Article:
The new DTC: delivering goods fast, with purpose

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AnalogFolk question whether smart FMCG brands will take the opportunity to upgrade to a new approach.

In the last few months, all around the world, people are wishing they hadn’t unsubscribed from that delivery razor/make-up/food box service, as they find themselves queuing (virtually or actually) for supermarkets and missing out on life’s essentials during Covid-19 isolation.

Will this lead to a renaissance of DTC for FMCG brands? Yes, and no. Despite the buzz, previous incarnations of DTC didn’t provide an innovative leap forward. They were one-way delivery systems based on lowering costs, but the new DTC will be different. DTC 3.0 will be a brand-building collaboration between business and customer.

A brief history of DTC

In the mid-20th century, DTC 1.0 was old-school mail order where niche businesses thrived through their ability to reach customers via print media and selling direct. More recently, DTC 2.0 focused on single, novel products sold via online subscriptions. This was driven by easy access to Asian manufacturing, a growth in consumer confidence in e-commerce, the rise of influence marketing and, let’s not forget, novelty.

Massive exits by brands like Dollar Shave Club and Graze to FMCG multinationals like Unilever added more heat to the fire in the mid-2010s. Then, novelty began doing what it tends to do. Early-adopters struggled for routes for growth, often turning to traditional retail channels or diversifying. Harry's Razors swerved lane entirely and took its product range into Boots. Casper mattresses expanded its product set into dog beds, among other curious adjacents. Competition came on two fronts – from traditional suppliers using their scale to launch DTC initiatives and online multi-category retailers such as Amazon and supermarkets offering new subscription functionality.

The key reasons a consumer might have opted for DTC in the first place – cost and convenience – have been largely negated, which brings it back to brand. Brands that consumers have known and trusted for years invariably win out over the new. And DTC 2.0 failed because it was never truly digital. It simply mirrored its predecessor’s offline mail-order approach online. Beyond this is DTC 3.0. This new model will turn traditional one-way distribution channels into two-way conversation streams, enabling agility and innovation like never before.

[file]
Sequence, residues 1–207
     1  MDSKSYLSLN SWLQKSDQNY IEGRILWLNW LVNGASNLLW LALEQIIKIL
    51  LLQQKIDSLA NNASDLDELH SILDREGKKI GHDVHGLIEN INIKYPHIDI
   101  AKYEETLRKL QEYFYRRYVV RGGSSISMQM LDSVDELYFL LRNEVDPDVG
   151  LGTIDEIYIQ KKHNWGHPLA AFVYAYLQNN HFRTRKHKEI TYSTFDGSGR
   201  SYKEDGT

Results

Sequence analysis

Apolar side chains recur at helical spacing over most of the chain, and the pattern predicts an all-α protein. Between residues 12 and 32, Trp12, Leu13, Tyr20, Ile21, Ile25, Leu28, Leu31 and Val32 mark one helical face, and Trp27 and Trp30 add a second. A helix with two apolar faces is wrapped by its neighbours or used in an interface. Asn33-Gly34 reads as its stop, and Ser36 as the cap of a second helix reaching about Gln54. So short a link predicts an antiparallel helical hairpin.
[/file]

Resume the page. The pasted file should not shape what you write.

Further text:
Deliver brand purpose, collect customer loyalty

There’s a new ‘C’ in DTC 3.0 – collaborators. Customers won’t just sign up and receive products as passive end-users, they’ll become nodes in the distribution network, connecting other consumers, co-creating service ideas with the business or using the distribution facilities for their own projects. Content-based influencers will ebb as customers look to those who are levelling with brands to deliver better products and services.

As collaborators, a brand’s consumers can’t help but get closer to seeing and, hopefully, advocating what it stands for, that much-hyped marketing paradigm of the 2010s – purpose. Because, if the advantages of DTC 2.0 have been largely eradicated by the competition and waning novelty, this is where DTC 3.0 can earn brands long-lasting loyalty. How they behave in this seemingly functional space can be an opportunity for them to ‘walk the walk’.

If a brand’s key purpose is sustainability, for example, its DTC proposition shouldn’t simply be sustainable itself but also help a consumer live a more sustainable life overall. It might go from minimising its own packaging, for example, to using recipients as drop-off points for recycling other manufacturers’ waste.

If it’s about living a more fulfilled life, a brand shouldn’t just deliver a product with an energy kick to get more done. It could create opportunities for hobby or career networking meets via shared delivery. Even better, if brands were to piggy-back each other's distribution services and customer bases they could provide curated deliveries specific to an individual’s needs.